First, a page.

by Justin Rearden
In 2010, a co-worker in New Orleans convinced me to run the Twisted Ankle Marathon in Summerville, Georgia. That was my first marathon, and where I fell in love with running. The rewarding and emotional rush of crossing the finish line is what makes the months of tough training so worth it. And little did I know that six years, twenty-something pairs of shoes, and hundreds of miles later, I’d be running California’s Big Sur Marathon in April.
For this race, I’m stronger than ever. While some days are tough, and running a 16-miler in the snow recently isn’t ideal, I can still feel an ease in my running that I never knew would happen.
While training for the Music City Marathon in 2014, I developed two crippling injuries from running: plantar fasciitis and piriformis syndrome. Both were extremely painful and made running nearly impossible. It was defeating. After the marathon, I took six months off from something I enjoy dearly and went to see a physical therapist a few times a week.
As I started to heal, my physical therapist and I talked through my training patterns and why the injury occurred in the first place. I assumed that running and light stretching were sufficient to make my muscles strong enough to withstand further long-distance running. The assumption was wrong. So wrong! I learned quickly that cross training supported my love for long-distance running. After several different workouts, such as swimming, lifting weights and rock climbing, I learned that my body was responding differently.
However, I still wasn’t finding the right balance of activity until I thought about the process of running and what elements of working out supported this. I narrowed it down to three major workouts: Running, Strength Training and Flexibility. Each workout is a symbiotic relationship to the other, making the next workout easier than the last. Here is an overview of my workouts, why they help me, why I love them, and where in Nashville I do them.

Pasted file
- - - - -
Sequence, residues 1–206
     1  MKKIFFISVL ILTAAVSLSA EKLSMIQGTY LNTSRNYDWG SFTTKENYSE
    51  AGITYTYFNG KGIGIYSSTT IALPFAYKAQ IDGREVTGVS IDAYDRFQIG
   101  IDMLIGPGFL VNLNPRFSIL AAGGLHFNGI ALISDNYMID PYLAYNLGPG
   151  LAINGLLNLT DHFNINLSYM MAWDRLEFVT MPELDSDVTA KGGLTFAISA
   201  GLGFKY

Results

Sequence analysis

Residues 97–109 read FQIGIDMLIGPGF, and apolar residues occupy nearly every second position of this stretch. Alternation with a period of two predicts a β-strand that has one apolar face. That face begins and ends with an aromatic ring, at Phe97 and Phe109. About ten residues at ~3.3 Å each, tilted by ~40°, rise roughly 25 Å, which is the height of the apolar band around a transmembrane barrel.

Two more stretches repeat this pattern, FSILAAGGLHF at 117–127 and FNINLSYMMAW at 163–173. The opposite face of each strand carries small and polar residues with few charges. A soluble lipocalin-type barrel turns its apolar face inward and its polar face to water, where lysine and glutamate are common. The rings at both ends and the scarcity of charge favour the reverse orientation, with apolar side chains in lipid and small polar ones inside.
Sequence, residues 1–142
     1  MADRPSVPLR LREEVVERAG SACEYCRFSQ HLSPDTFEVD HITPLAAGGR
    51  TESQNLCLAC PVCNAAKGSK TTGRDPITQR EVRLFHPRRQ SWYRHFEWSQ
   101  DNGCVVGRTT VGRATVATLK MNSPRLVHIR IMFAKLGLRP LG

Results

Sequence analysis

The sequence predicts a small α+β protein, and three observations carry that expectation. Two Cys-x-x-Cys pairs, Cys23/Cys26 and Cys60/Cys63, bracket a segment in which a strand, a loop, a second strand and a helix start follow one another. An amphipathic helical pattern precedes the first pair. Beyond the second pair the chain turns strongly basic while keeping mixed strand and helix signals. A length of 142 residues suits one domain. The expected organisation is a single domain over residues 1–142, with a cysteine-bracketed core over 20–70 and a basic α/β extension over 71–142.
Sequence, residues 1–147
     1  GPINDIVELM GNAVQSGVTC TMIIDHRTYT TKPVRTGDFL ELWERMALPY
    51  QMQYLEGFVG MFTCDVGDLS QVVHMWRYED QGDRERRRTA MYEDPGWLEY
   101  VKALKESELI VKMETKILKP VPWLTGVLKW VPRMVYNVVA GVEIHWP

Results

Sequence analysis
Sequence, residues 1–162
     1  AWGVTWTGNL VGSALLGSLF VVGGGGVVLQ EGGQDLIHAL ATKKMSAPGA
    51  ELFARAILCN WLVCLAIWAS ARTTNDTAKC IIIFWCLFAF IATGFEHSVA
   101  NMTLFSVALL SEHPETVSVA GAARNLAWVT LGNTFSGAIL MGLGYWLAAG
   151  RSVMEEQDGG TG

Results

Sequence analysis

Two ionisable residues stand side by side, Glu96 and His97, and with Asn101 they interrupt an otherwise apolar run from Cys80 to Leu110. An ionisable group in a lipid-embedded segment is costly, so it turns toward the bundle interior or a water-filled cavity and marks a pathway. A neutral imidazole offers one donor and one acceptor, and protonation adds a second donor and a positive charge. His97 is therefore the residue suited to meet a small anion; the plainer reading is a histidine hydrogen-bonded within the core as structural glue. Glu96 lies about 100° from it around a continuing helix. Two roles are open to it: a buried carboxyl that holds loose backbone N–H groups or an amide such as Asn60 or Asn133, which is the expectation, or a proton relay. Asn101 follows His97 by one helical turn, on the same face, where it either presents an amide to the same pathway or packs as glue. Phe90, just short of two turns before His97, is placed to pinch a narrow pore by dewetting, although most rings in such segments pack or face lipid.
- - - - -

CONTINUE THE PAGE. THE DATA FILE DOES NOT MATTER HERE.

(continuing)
Why it helps: This one is obvious. It gives you endurance and cardiovascular strength. And like they say, “practice makes perfect.”
Why I love it: I’m hooked on podcasts, so running gives me time to get a few hours of learning in each week. More than being physically challenging, running long distances is mentally challenging. I’m also and big fan of the excitement on race day!
Where I go: You’ll usually find me running shorter runs around East Nashville, sometimes in Shelby Park. For longer runs, I like to run around the city and explore places that I usually only see in my car.
Why it helps: Strength training makes your muscles stronger, so that when I run I can move my body with more ease. I do a lot of HIIT (high intensity interval training) which works a lot of different muscles in a short period of time.
Why I love it: I like that it’s a different type of challenge. I learn new muscle groups, new ways to strengthen them, and it’s always high energy. I love that my HIIT workouts are never longer than 40 minutes. When I’m doing two workouts in one day, its important that to be aware of how long each one takes to complete.
Where I go: I’m addicted to Kate Moore, who runs GetFit615. She is so positive and friendly, and she gets creative with the workouts she designs. Each day we are working on something different, so I’m constantly challenged, and everyone that works there is fun, funny and motivating.
Why it helps: Yoga has been a lifesaver for me. I never understood it, but now I’m hooked. It’s the prefect workout to stretch out tight muscles and remove any tension that I might be holding onto from running.
Why I love it: In the past I have used running for my time to disconnect and reset. Now that I’m hooked on podcasts, I use yoga as my time to tune in with my body and understand what might be causing any pain. When I’m training, I find it extremely important to listen to my body and work on little problems before they become major issues.
Where I go: For me, Shakti Power Yoga is my favorite studio in Nashville. The Farina sisters have created a great community of people and teachers that I know I can trust. I always leave there feeling connected and aware of my body.